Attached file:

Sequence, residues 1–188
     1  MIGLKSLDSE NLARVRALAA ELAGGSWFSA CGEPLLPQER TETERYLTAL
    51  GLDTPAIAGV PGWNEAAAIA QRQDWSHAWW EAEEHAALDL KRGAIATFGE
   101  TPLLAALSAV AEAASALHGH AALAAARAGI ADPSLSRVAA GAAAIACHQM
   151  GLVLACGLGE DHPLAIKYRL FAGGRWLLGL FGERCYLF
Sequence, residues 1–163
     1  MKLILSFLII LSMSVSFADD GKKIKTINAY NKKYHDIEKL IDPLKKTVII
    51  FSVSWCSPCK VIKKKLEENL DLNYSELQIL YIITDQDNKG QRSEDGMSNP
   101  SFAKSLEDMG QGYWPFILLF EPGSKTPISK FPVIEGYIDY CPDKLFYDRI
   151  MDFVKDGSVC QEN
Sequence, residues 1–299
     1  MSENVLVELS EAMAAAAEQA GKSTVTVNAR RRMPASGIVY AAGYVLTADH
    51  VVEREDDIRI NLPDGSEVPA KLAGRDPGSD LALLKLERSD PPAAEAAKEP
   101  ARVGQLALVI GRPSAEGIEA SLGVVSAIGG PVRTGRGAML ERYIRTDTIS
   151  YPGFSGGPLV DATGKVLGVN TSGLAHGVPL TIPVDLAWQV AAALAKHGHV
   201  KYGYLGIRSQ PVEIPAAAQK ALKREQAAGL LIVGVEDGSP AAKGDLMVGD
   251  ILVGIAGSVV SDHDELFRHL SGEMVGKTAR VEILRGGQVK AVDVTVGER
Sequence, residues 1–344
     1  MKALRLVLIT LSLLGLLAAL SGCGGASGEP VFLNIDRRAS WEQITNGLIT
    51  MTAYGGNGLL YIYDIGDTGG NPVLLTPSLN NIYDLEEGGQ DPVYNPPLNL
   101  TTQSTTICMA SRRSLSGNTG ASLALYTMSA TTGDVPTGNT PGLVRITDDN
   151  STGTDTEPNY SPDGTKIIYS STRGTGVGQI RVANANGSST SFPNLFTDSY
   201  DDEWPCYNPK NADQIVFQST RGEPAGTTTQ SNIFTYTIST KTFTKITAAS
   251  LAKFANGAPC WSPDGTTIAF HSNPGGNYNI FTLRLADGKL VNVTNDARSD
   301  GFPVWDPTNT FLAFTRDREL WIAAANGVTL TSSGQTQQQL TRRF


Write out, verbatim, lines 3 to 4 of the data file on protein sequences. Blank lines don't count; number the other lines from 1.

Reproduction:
    51  GLDTPAIAGV PGWNEAAAIA QRQDWSHAWW EAEEHAALDL KRGAIATFGE
   101  TPLLAALSAV AEAASALHGH AALAAARAGI ADPSLSRVAA GAAAIACHQM